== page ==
|| Media Violence & Children at
Protecting children from exposure to violence in the media is a
critical role for parents. As with many activities involving children's
health and well-being, parents need to learn the facts about media
violence, examine how their own media habits might affect their
children, and help their children develop critical skills to experience
media in healthy ways. Parents can:
- Monitor what children watch.
- Teach children how to analyze the media and become educated
- Show by their own behavior how to be good media consumers.
- Share their rules about exposure to media with other adults
in the family or neighborhood.
Parents can encourage children to seek alternative physical or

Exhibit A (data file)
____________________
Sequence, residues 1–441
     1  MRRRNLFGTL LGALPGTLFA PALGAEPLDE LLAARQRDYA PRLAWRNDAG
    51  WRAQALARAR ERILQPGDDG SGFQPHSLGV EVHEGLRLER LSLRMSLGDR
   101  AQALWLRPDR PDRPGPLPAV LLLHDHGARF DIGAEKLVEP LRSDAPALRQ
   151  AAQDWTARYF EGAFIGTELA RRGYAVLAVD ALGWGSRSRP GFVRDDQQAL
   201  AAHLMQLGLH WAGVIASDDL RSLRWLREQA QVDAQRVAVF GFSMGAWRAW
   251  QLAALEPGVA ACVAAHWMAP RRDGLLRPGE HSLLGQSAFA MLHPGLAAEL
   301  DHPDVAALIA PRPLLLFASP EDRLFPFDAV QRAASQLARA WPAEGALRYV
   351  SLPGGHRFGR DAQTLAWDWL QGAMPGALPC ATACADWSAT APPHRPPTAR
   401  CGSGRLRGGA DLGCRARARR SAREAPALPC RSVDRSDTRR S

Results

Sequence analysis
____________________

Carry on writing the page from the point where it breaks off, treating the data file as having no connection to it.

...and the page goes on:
educational activities to reduce their daily exposure to media as
entertainment. They can also talk with children about violence in
the media and teach them important lessons, such as:
- Violence in the media is make-believe, not real.
- Real-life violence hurts people.
- Guns, bullets, knives, and other weapons on TV are fake;
real weapons hurt or kill people.
- If a show is scary or confusing, talk to your parent or another
adult about it.
Also, parents can teach children that violent toys may seem exciting
in "pretend" games, but that real-life violence is not
fun. Parents can encourage children to pretend and play in ways
that don't involve violence.
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